Keeping a journal, often known as “journaling,” isn’t just for antsy teenagers. Oprah Winfrey, Mark Twain, George Lucas, Thomas Jefferson, Ben Franklin, Isaac Newton, and Lewis and Clark all keep/kept journals. In some cases, those journals recorded weather and temperature; in others, the pages tracked private thoughts, inspirations and world-altering ideas.

As a freelancer, maintaining a work journal helps you chronicle your tasks, ambitions, thoughts and overall goals. A work journal helps you plan for your future as well as learn from your past. Most importantly, a work journal helps you learn about yourself and what you wish to gain from your career.

Here are 5 big reasons why you need to start keeping a freelance work journal:

To plan

Journals help you plan your time more effectively and get more done than just “winging it.” Each day, you can sit down and write (or type) out your daily tasks. Those tasks might include contacting X number of clients, drafting a work proposal, editing a manuscript, etc. Writing down your daily tasks is an effective motivator for actually completing them because it creates accountability. Likewise, you have now created a written reminder of what exactly you plan to get done today.

You don’t need to create a list of 20 tasks; in fact, creating too many tasks to accomplish can overwhelm and discourage you. In reality, three or four tasks is plenty. The key here is to generate tasks that can be started and finished within the space of a single day. If they can’t, then they should be divided up into week-long or even month-long tasks.

To progress

As you accomplish your tasks, you should check them off in your journal. By doing so, you participate in your own progress. Seeing your own progress encourages you to tackle your next daily task and finish it too. Try to celebrate each task completion with a little reward or work break.

As your daily tasks roll into weekly and eventually, yearly tasks, you should review your accomplishments and whether or not they are leading you towards your intended outcome.

For example, if you successfully sent out 20 letters of inquiry to various websites and magazines, that’s great; however, did this effort result in a reply or two? If it did, which letters were responsible (and why)? If no replies came back, perhaps it’s time to reevaluate that task and whether it should be continued. Perhaps, instead of continually querying potential clients, you need to step back and learn new skills.

To understand

The value in keeping a work journal is not always in the moment but in retrospect. Once thoughts and plans are written down, they become “frozen in time.” After several weeks, months, or even years go by, those notes become an invaluable resource to you.

Reviewing older work journal entries helps you accomplish two things:

1) It pieces together events, comments and ideas that previously appeared separate and unrelated.
2) It sorts out which work activities are enabling you to achieve your long-term career goals and life ambitions.

To eliminate

Keeping a journal is about more than just “looking busy.” While you could spend half your day filling out the pages of your work journal, the more important goal of keeping that work journal is to remove the tasks that don’t lead anywhere or that actually waste your time.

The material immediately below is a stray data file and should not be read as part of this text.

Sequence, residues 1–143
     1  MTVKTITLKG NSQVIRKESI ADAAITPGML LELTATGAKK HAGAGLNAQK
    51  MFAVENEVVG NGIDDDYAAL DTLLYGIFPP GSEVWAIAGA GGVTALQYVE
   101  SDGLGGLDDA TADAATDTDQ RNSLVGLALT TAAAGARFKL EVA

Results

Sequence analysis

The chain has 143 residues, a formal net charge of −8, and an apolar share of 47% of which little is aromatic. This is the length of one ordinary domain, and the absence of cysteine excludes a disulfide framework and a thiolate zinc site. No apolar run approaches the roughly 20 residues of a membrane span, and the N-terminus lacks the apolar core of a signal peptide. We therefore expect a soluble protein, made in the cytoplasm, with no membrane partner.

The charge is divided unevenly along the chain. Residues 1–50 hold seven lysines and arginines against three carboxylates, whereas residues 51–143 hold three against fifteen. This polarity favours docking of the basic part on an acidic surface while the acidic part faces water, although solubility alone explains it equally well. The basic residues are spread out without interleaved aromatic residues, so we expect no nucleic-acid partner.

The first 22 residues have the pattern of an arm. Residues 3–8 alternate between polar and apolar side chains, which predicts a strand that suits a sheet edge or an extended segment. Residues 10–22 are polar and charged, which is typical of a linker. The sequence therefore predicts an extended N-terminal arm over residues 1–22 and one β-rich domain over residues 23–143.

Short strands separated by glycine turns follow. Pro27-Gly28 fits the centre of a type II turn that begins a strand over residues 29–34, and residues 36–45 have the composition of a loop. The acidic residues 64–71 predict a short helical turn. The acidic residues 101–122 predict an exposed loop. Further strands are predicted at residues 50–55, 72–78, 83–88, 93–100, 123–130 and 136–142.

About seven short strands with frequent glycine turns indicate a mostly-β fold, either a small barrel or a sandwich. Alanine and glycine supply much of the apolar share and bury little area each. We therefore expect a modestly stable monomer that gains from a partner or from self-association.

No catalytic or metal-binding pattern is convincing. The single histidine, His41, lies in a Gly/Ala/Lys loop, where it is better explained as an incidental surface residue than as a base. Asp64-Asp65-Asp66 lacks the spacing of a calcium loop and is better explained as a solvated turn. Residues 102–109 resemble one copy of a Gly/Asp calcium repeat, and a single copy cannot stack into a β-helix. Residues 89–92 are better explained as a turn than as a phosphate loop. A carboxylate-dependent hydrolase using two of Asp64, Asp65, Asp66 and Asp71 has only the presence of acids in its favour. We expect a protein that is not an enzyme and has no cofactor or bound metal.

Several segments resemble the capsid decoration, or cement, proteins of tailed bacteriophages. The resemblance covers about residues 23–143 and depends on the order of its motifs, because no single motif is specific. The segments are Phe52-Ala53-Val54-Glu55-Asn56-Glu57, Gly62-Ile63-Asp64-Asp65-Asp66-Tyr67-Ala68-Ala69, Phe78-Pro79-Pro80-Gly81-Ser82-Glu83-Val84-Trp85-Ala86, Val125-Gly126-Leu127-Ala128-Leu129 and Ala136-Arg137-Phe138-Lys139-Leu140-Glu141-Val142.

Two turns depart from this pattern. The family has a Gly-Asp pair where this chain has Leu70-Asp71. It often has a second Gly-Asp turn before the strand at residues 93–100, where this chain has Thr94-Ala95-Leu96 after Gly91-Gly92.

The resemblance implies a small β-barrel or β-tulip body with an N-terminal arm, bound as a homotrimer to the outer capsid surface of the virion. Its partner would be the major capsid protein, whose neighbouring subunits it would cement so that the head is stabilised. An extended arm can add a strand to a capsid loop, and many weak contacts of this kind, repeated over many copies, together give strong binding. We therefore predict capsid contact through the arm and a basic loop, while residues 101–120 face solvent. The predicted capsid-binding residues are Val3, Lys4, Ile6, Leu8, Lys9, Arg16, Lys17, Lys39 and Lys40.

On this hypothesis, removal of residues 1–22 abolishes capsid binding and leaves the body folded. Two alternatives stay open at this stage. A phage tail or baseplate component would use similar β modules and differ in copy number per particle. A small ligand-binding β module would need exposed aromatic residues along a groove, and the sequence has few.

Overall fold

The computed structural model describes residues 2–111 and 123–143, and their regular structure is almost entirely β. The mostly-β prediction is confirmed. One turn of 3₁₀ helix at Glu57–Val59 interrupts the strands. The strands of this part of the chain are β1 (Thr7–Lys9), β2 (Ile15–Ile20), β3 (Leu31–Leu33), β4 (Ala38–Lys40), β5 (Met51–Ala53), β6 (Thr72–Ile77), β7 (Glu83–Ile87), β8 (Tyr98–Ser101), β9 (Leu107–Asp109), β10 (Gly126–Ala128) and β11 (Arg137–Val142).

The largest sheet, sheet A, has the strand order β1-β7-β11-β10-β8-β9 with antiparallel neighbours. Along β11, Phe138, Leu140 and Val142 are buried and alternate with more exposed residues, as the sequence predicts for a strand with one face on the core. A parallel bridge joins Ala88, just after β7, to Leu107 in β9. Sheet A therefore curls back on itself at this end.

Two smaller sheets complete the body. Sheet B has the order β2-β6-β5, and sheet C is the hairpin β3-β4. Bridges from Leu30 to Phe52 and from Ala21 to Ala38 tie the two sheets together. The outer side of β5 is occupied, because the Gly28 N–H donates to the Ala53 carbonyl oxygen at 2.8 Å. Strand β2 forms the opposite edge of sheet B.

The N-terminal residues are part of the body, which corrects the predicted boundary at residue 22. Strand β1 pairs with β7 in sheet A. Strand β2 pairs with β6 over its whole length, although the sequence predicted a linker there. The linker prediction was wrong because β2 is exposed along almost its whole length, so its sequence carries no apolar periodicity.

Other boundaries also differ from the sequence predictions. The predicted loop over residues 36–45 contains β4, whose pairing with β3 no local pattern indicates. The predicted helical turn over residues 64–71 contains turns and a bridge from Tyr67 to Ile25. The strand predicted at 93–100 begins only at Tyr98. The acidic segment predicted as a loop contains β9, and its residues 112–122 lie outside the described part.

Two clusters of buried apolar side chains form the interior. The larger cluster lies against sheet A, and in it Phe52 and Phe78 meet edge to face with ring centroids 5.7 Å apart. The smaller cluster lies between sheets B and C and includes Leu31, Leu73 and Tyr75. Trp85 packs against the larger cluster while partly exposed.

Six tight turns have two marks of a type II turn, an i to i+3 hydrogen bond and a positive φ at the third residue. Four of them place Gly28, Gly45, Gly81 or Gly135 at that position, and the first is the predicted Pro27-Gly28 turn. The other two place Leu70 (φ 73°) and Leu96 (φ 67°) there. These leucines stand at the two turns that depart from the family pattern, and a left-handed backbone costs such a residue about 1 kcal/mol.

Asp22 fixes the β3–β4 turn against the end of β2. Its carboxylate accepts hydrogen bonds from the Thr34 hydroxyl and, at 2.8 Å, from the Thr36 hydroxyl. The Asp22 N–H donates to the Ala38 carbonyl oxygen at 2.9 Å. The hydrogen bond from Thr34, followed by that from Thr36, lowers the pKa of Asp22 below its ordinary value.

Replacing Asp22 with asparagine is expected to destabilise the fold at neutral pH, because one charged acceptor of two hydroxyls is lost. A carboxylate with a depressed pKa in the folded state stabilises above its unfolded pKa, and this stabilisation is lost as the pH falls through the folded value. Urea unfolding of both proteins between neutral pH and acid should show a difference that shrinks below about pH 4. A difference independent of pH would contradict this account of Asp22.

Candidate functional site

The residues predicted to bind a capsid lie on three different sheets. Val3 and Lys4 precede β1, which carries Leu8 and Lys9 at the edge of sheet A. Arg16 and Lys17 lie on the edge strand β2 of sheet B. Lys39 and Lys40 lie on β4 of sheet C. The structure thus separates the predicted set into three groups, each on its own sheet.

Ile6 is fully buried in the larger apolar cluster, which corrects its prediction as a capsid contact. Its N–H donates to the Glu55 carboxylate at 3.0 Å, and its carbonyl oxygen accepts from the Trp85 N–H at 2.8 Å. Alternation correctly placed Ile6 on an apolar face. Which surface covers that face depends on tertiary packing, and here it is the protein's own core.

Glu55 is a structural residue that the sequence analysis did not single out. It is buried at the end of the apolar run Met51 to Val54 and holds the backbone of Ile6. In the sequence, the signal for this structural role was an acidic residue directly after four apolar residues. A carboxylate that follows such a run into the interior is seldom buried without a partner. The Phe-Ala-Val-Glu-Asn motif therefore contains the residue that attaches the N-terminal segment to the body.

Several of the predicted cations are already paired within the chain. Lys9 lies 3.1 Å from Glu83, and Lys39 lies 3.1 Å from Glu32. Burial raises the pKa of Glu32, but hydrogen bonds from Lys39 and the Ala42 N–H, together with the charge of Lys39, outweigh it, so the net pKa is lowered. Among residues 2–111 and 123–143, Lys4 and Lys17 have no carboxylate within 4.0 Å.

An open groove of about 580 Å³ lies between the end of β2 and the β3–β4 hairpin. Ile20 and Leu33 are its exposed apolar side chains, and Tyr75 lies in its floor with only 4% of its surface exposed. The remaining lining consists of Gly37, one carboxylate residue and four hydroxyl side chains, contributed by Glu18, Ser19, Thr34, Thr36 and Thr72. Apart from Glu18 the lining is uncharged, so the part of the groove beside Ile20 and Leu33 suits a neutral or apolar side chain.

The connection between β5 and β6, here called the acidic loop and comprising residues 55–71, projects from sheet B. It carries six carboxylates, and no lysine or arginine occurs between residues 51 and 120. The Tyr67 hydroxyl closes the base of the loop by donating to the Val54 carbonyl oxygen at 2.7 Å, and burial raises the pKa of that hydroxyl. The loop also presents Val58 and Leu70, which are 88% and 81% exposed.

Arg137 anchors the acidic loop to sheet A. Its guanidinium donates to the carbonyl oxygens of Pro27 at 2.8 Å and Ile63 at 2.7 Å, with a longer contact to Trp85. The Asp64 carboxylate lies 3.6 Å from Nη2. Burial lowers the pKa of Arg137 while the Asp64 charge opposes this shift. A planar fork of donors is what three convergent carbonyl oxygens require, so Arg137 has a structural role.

Likewise, keeping a work journal helps you track your contacts and which ones are helping (or hindering) your freelance business. Are some individuals a huge time suck for you? Are other individuals a benefit? You’ll understand which people to avoid and which people to seek out if you record your regular interactions with them.

To reminisce

As you grow in your freelance career, you’ll forget your early days and struggles to “make it.” The status quo will change. Having a bridge to the past will help you remember where you started, how far you’ve progressed, and where you still need to go. It will also provide immense benefit to anyone you wish to mentor.

To reduce stress

Mulling over your goals and dreams on paper (or computer) can reduce stress, make you more efficient, help you solve irksome problems, and even reduce depression.

Starting a freelance business is hard enough without undergoing feelings of self-doubt or fears about future financial stability. Many freelancers spend long and lonely days holed up at home, cranking out code or blog posts or graphics. Having a place to express their worries, hopes and dreams can help them to cope with and manage their emotions.

To manage others

If you end up hiring other freelancers or contractors to help you build your business, you’ll need a work journal to not only chronicle your own activities but theirs. Such project management is available in various forms, including software platforms such as Asana and Basecamp.

By mastering your own personal work journal, you’ll be better prepared to dole out tasks to others and track their progress. You’ll also become adept at fitting the work tasks of others’ into your own.

Working with a work journal

Work journals can be physical, virtual or even a combination of both. They can include short bits of text or drawings, scribbles and formulae. There is no right or wrong when it comes to the manner and style in which a journal is kept; in fact, different individuals had different means for chronicling their daily tasks.

In the upcoming year, have any of you decided to start a freelance work journal to track your work progress? Share your goals in the comments below.

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